Okie Crowe took the stage in my last make: Tulsa blog, Dance Like Nobody Is Watching.
“Testing! Testing! Ahem! Is this thing on?” [TAPPING ON THE MICROPHONE.] Uh, now that I am on stage, what the heck do I say? Oh no, what if the crowd does not understand my song? What can I do to help them see my unique vision as an artist? It could be a tough crowd. I am going to need some help getting this party rolling. Who can I call on for support, advice, and inspiration?
“It’s the same old scene
It’s the company you keep…”
Thankfully, Okie Crowe has lots of friends, family, fans, and cheerleaders! With all of these great folks backing me each day, starting my own business is rewarding, but more work than I could have imagined. There are momentous adventures, disappointing episodes, and times when the rewards overflow. There are thankless days and nights worrying how to keep the pace and tears of strife to push Okie Crowe out of her nest to finally spread her wings to fly. To soar, this bird has been helped with a nudge. Networking, getting involved in organizations, and supporting other local businesses have all helped this fledgling get her start.
“…It’s a backstage drag
It’s too late, it’s too bad
It’s funny how the time has changed
Like a sea sick fool
With nothing to lose
And little to gain
Just a hat full of rain
To hold my tears of love for this song…”
By surrounding myself with creative and knowledgeable resources, my business is strengthened daily. The people backstage really help make a difference. I met a super sweet couple at one of the first few craft shows Okie Crowe ever did. I ended up selling my items in their store, which has now become Made: The Indie Emporium Stores. That same duo, Christine and Thom, also introduced me to the wonders of make: Tulsa and Indie Emporium. Thank goodness for crafty folks in the community reaching out to other businesses to help them do the same!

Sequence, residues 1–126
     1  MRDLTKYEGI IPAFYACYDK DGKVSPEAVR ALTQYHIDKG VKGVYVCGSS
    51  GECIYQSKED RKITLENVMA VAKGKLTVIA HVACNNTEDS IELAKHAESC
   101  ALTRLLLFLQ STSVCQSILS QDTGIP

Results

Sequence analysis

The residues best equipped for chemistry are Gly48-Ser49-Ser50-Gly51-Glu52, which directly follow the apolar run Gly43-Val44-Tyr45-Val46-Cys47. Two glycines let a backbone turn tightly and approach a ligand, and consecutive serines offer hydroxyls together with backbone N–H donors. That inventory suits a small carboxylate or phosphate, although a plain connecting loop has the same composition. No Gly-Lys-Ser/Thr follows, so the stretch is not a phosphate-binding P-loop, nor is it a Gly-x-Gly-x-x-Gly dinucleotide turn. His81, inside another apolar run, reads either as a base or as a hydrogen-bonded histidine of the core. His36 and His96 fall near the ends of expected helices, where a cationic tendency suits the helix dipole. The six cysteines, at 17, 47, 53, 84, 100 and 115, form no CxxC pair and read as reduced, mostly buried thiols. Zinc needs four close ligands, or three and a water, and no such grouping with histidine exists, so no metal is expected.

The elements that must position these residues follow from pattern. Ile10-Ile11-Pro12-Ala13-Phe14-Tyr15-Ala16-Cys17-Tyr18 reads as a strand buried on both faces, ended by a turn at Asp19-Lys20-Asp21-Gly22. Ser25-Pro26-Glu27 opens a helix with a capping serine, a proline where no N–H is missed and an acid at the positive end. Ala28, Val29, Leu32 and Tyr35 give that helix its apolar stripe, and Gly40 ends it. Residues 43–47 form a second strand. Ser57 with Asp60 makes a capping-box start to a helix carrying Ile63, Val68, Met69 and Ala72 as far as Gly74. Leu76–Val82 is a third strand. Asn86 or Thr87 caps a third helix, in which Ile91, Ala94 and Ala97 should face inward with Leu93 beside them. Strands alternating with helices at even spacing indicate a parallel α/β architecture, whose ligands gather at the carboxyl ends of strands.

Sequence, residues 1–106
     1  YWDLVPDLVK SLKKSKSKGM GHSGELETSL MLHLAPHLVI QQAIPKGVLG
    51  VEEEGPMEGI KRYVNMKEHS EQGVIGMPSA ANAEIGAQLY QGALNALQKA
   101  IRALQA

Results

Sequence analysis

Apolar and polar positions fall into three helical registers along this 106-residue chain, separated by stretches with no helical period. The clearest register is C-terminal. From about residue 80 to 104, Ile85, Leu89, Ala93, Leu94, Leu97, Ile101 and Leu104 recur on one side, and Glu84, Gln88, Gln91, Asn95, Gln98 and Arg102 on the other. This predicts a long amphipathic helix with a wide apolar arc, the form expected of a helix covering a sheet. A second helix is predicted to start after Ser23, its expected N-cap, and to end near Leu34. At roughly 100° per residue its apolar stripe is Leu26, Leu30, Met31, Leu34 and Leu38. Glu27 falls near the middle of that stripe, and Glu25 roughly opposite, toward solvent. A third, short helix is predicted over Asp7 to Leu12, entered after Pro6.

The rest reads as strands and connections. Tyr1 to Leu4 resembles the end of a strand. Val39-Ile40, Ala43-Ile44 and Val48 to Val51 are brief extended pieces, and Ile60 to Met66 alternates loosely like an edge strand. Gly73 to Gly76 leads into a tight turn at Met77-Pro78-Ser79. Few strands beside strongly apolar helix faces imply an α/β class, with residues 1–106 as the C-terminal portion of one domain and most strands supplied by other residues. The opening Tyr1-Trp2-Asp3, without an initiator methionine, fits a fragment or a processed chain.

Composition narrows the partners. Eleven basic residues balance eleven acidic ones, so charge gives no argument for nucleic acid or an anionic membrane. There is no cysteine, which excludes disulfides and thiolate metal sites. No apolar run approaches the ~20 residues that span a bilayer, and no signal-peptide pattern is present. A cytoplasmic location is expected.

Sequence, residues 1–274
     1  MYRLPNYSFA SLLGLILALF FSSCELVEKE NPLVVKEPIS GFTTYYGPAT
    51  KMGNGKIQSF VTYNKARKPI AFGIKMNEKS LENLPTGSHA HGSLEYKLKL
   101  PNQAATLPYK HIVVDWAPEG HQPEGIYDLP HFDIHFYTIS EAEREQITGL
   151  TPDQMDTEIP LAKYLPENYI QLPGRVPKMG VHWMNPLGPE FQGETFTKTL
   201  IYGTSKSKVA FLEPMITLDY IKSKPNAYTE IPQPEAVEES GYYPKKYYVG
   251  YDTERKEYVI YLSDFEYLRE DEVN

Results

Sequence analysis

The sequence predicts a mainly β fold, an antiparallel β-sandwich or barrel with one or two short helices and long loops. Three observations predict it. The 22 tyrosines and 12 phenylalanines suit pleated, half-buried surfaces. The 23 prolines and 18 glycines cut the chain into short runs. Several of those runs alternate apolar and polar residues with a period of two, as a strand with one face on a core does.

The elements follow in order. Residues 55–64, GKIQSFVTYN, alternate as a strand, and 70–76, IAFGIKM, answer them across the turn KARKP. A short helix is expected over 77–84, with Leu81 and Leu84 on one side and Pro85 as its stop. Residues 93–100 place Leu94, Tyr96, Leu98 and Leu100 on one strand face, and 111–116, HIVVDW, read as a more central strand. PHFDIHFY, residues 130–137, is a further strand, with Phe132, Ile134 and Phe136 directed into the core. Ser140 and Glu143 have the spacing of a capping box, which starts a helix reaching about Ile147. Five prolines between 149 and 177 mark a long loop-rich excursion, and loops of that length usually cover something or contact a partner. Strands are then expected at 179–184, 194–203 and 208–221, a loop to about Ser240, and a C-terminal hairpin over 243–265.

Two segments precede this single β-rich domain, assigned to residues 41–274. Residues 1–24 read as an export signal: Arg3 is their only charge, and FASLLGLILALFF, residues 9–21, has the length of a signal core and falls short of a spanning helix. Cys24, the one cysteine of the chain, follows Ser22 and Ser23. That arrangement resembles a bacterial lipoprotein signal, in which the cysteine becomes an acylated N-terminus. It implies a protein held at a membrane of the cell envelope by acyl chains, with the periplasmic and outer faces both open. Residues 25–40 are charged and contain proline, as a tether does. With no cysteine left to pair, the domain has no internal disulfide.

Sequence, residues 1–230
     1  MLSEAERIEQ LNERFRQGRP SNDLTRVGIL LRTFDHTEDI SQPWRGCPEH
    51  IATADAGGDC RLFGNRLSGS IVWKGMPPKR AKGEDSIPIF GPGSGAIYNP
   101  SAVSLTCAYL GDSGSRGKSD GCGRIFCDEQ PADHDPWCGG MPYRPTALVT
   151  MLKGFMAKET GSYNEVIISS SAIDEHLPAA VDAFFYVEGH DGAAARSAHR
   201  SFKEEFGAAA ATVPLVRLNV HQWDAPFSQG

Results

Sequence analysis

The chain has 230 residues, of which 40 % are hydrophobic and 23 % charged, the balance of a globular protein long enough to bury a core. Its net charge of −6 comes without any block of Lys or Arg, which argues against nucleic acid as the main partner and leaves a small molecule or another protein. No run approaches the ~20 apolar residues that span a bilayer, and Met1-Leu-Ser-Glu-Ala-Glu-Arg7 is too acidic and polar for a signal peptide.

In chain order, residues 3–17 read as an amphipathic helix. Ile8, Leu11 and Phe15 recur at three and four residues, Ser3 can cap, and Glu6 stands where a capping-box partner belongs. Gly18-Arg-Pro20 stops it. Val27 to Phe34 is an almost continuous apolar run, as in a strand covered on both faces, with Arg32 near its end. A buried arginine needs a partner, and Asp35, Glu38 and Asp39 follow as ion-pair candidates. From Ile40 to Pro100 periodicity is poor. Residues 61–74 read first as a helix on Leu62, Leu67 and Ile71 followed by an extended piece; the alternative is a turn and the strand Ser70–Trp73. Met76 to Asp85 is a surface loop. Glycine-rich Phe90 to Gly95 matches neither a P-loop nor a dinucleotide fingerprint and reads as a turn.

Being new to business, I have tried to observe other successful businesses and business owners to learn from them. Even if the businesses differ from mine, watching how they operate offers inspiration, advice, and potential insight to what it takes to be successful in my own business. I noticed that in-state customers really love buying products made in Oklahoma. A successful business I admired displayed the Made in Oklahoma logo at events, in their store, and on products. I researched the Made in Oklahoma organization and soon became a member as well. Identifying groups of interest can be a great benefit to a business. Made in Oklahoma provides me with useful information and special member rates for events, access to special products, helps me sport my Okie pride, and promotes Okie Crowe at Made in Oklahoma.
As a member of American Homebrewers Association, I have expanded my beer brewing knowledge and resources with super sweet Member Deals and other perks.
What organizations do you belong to for assistance with your creative process, personal fulfillment, or educational pursuit? How do you make a difference? What do you do to get involved? Who is backstage at your show?